WASHINGTON – The public won’t see this post on Facebook, but it showed up in the company’s internal message board last week titled, “We Have a Problem With Political Diversity.”
“We are a political monoculture that’s intolerant of different views,” wrote Brian Amerige, a senior Facebook engineer. “We claim to welcome all perspectives but are quick to attack – often in mobs – anyone who presents a view that appears to be in opposition to left-leaning ideology.”
The “we” is Facebook. And the blistering criticism is reminiscent of the toughest language used by President Trump and Republican members of Congress about the bias of the dominant social-media company in the world.
And, it turns out, Amerige, a libertarian inside Mark Zuckerberg’s universe, is not alone.
Since the original post went up last week, more than 100 Facebook employees have joined Amerige to form an online group called “FB’ers for Political Diversity,” according to two people who viewed the group’s page and spoke to the New York Times on condition of anonymity.
All the group calls for is the creation of a space for ideological diversity within the company, says Amerige.
The fact that others have not gone public suggests they fear repercussions from their employer or their co-workers. Not all of the latter have embraced the call for political diversity and tolerance.
According to the Times report, other Facebook employees claimed the posts were offensive to minorities. Another anonymous employee who feared retaliation said several people had lodged complaints with their managers about “FB’ers for Political Diversity” and were told that it had not broken any company rules.
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The internal debate inside Facebook, perhaps even a mini-rebellion, comes before next week’s Senate hearing about social-media manipulation in elections at which Facebook Chief Operating Officer Sheryl Sandberg is scheduled to testify. In preparing for the testimony, Sandberg has warned that some Republican lawmakers may raise questions about Facebook’s political biases. Some Facebook employees have complained the internal posts are ill-timed with that in mind.
On Tuesday, President Trump again brought up the issue of political bias by tech companies with tweets attacking Google. Later, in a press briefing at the White House, he widened his focus to include Twitter and Facebook.
Those companies “better be careful because you can’t do that to people,” Trump said. “I think that Google, and Twitter and Facebook, they are really treading on very, very troubled territory and they have to be careful. It is not fair to large portions of the population.”
Facebook has long been viewed as a predominantly liberal company. Both Zuckerberg and Sandberg are known for their generous contribution to Democratic politicians and are strong open borders advocates. Facebook is one of six major tech companies, characterized by independent media pioneer Joseph Farah as the “Speech Code Cartel” – Google, YouTube, Facebook, Twitter, Amazon and Apple – that partner with the left-wing Southern Poverty Leadership Council as arbiters of “hate speech.” The SPLC has accused Trump and other Republican officials and members of Congress of employing “hate speech,” being “fascists” and “racists” and “conspiracy theorists” – the same accusations Facebook used to ban Alex Jones.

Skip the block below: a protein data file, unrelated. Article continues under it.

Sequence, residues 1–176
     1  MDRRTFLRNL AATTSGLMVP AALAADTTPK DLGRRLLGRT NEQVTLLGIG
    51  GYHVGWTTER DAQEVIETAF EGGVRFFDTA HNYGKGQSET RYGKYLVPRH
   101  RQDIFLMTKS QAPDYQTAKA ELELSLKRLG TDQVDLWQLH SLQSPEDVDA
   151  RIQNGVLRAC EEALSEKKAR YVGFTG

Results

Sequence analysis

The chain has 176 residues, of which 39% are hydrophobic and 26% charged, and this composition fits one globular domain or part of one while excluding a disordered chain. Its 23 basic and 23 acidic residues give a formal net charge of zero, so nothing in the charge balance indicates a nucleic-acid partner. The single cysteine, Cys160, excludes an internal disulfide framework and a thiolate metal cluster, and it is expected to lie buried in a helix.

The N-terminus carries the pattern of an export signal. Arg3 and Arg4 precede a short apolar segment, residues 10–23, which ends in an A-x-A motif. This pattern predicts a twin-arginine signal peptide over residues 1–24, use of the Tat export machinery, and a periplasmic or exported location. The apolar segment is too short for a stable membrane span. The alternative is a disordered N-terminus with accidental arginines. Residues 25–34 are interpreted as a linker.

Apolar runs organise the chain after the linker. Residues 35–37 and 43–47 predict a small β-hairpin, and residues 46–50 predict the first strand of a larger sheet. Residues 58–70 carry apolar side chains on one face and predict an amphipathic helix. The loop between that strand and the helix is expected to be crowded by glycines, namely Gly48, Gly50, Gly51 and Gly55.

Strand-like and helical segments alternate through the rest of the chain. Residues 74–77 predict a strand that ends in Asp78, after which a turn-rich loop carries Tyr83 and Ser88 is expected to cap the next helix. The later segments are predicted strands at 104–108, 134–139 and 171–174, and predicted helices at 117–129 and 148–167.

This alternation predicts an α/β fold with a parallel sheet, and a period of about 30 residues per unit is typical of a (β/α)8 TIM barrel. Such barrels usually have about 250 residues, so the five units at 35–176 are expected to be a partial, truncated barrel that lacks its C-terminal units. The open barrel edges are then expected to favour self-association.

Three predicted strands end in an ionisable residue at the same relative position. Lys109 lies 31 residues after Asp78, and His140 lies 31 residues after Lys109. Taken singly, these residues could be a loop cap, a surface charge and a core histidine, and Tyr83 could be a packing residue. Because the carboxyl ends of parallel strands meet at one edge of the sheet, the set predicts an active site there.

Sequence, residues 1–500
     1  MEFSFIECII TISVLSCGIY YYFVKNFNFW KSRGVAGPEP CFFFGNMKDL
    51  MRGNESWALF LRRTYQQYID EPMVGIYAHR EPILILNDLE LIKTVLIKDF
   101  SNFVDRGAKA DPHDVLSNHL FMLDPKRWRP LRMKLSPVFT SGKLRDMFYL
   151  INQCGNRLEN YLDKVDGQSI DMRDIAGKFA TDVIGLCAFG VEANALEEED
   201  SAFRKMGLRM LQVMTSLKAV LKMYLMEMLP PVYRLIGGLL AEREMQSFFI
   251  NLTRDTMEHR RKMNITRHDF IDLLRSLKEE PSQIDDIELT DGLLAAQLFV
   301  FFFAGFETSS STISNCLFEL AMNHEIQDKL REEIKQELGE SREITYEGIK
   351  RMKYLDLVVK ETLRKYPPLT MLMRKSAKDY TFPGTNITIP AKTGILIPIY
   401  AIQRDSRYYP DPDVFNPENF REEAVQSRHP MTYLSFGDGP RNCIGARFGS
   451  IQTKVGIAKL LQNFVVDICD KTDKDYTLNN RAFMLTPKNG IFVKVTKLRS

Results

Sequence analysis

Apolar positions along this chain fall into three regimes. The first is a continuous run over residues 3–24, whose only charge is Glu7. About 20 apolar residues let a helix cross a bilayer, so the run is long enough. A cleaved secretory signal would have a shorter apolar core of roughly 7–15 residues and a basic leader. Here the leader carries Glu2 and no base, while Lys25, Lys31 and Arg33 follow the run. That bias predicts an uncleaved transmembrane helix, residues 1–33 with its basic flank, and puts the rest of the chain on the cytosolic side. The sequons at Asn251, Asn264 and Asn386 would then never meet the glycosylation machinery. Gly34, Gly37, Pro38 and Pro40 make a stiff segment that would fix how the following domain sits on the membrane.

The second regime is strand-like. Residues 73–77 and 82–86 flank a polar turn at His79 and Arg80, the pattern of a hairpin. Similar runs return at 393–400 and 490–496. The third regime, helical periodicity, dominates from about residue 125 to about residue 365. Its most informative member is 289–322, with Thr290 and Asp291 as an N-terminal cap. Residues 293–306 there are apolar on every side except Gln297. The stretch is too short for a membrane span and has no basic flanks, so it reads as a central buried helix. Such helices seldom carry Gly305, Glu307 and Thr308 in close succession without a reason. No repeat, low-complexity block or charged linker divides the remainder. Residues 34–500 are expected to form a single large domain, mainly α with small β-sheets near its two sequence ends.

The Facebook culture is decidedly insular politically and culturally. Palmer Luckey, the founder of Oculus, the maker of virtual-reality goggles that Facebook acquired, was pressured to leave the company last year, months after news spread that he had secretly donated to an organization dedicated to spreading anti-Hillary Clinton internet memes. And Peter Thiel, an outspoken supporter of Trump, has faced calls for his resignation from Facebook’s board.
For his part, Zuckerberg publicly defended Thiel for the ideological diversity he brought to the board. In an appearance before Congress this year, Mr. Zuckerberg responded to a question about anti-conservative bias by saying he wanted Facebook to “be a platform for all ideas.”
Other Silicon Valley companies, including Google, have also experienced a wave of employee activism over diversity – including some lawsuits for terminations.
Amerige, who has worked at Facebook since 2012, said on his personal website that he followed philosophical principles laid out by libertarian philosopher and writer Ayn Rand. He posted his 527-word memo about political diversity at Facebook earlier this month.
Explaining the political culture at Facebook he wrote, “you can either keep quiet or sacrifice your reputation and career.”
“We are entrusted by a great part of the world to be impartial and transparent carriers of people’s stories, ideas and commentary,” Amerige wrote. “Congress doesn’t think we can do this. The president doesn’t think we can do this. And like them or not, we deserve that criticism.”
Amerige knows Facebook and Google are vulnerable on this issue of being entrusted as impartial and transparent “carriers” of ideas. Both companies are specifically exempt from defamation and other forms of litigation because of their unique legislative protection that set them apart from publishers, who have no the absolute right to take strong political positions, even advocacy. Facebook and Google, on the other hand, are considered under the law more like utilities – or simple “carriers” of information.
Farah and other critics have made the point that Americans should be far more concerned about the influence of these companies in election results than a few Facebook ads purchased by Russians in 2016.